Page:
The Rap used to be about flow and sentiment; meaning married to a 4-4 beat- the masculine partner of the dance. There was the 808, an old jazz break and on top, at the front The Rap. Ironically, 2001 can be heard as a marker of the rap vocal stepping back from the priapic front of hip-hops musical territory to caress the phonic backing track and waltz nose to nape in symphony, in unison.

For the rap to pound, excite, emphasize and grab the thoughts of the listener it needs to (a la nupta cadevera/nupta contagioso(1)) bind itself to the very thing that is destroying it. It becomes auto-phagic, to be heard it must die and give itself over to the sonic otherness of the samples swirling behind it. In doing so the traditional rap is eaten by it’s sonic superior, its exquisitely produced sonic shadow smoothers it. The rap vocal enters the realm of the jazz ghosts, soul apparitions and funk specters.

2 comments:

  1. Already sent you this but as per suggestion, linking in the comments too -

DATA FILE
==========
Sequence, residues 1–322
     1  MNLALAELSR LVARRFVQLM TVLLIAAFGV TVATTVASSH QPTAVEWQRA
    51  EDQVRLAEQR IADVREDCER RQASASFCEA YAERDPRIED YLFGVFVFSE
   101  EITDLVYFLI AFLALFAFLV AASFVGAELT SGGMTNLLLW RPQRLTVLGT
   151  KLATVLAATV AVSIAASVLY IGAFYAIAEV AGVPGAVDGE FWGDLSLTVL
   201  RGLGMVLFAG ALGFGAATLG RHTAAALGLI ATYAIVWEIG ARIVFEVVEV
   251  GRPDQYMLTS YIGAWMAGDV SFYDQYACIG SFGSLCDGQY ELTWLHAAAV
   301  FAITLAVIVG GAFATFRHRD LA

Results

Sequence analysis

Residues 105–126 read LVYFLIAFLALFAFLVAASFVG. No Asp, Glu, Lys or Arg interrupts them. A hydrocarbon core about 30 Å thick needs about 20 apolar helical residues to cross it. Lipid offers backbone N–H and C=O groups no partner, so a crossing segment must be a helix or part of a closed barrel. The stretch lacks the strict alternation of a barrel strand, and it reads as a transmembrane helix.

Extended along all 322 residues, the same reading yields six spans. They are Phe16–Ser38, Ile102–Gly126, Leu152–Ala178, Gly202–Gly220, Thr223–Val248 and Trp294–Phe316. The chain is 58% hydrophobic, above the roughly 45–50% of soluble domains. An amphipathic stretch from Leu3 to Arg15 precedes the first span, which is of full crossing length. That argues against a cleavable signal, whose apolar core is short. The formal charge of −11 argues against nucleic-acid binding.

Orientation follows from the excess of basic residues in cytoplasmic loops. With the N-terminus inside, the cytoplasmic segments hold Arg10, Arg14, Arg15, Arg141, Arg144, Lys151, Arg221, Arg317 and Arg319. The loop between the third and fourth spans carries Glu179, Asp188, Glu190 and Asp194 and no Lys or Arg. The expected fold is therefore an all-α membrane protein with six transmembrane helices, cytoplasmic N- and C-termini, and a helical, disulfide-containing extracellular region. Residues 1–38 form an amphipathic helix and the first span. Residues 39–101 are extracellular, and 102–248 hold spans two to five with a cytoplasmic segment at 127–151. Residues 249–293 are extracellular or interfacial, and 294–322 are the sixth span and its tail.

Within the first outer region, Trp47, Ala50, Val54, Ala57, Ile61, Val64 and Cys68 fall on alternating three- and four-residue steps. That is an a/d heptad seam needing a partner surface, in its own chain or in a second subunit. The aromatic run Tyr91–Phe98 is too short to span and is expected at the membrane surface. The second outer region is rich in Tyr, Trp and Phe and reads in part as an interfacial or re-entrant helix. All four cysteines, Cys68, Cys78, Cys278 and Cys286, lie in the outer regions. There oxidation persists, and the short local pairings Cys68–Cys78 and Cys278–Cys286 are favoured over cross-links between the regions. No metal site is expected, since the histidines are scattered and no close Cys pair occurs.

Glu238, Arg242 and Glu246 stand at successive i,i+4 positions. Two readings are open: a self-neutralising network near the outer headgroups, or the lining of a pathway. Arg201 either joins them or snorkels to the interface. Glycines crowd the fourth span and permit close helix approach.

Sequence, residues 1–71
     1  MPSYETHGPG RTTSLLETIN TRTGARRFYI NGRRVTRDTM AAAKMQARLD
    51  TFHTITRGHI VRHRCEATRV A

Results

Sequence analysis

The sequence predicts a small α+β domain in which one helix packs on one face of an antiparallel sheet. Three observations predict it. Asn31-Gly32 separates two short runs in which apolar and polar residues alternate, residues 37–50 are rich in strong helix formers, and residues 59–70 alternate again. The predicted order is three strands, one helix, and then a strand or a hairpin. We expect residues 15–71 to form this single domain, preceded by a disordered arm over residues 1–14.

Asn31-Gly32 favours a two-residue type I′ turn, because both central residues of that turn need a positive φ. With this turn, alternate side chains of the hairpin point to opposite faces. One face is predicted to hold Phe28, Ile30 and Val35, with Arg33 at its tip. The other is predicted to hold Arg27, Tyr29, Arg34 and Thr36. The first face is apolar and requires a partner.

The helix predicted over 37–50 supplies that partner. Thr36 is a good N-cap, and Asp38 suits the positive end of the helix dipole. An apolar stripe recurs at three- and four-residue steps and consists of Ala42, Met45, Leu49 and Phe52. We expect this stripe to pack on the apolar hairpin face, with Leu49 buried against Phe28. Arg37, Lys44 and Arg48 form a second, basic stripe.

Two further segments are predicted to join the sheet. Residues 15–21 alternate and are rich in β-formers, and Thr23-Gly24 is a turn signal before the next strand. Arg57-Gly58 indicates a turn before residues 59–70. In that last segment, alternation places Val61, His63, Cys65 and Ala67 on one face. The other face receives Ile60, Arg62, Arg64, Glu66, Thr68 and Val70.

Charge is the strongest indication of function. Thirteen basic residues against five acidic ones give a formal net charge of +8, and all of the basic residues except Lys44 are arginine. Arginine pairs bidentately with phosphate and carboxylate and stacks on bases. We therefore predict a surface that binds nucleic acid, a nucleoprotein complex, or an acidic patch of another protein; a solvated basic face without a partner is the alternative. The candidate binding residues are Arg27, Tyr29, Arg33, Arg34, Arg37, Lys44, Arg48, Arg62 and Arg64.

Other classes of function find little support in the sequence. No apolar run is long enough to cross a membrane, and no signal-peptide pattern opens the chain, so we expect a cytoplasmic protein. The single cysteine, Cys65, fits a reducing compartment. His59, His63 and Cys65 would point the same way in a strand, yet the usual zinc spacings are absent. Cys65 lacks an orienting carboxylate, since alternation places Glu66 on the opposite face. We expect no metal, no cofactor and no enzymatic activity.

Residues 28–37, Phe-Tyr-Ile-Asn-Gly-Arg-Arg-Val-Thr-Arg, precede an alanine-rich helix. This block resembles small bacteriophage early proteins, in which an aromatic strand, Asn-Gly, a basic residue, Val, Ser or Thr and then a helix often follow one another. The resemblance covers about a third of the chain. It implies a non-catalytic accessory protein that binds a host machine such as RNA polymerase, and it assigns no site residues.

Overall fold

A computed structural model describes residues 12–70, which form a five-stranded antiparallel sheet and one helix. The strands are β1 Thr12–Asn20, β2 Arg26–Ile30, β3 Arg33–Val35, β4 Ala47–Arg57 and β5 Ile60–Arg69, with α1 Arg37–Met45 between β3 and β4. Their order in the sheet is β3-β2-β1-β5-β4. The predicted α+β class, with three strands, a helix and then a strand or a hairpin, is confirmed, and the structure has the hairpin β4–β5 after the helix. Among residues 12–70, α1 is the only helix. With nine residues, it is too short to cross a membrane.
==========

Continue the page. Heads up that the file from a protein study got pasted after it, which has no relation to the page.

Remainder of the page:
http://neuroticwreck.bandcamp.com/album/leave-tonight-mixtape-side-1

    Some interesting points here. What would you say to the suggestion that the swing away from more "conscious" lyrical themes in hip hop led to the treatment of the voice as another instrument instead of the focal point? As artists moved instead into seeking thrills from bitches, blunts and fast cars with Tony Montana cash flow and coke mountains, the sonic opulence developed both to disguise what is sometimes a lack of lyrical substance and mirror the themes?

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  2. Hi Daniel

    The dichotomy I draw up is ultimately undermined in part 6, for me it is important to be suspicious of lumping things into categories, I feel the voice is something that runs the gambit and cannot to located or categorized.

    I would not go as far to say that rappers moved from lyrical content and voice as instrument to other modes of expression. There are degrees within degrees and greys within greys. However, I am interested in the differences I contemplate between the extreme ends. A string of rap cliche, produced to hell (Dr Dre for example) is just as satisfying and thrilling as a meditative and semantically aligned Dose One ode.... there is some mileage in contemplating the metaphysical alignments of each of these, but even then, Dr Dre still has lyrics you chuckle at and observations you engage with semantically whereas Dose One as instrument is still sublime despite the words. This is the problem with the synthetic metaphysical alignments, the grid is incompatible with reality.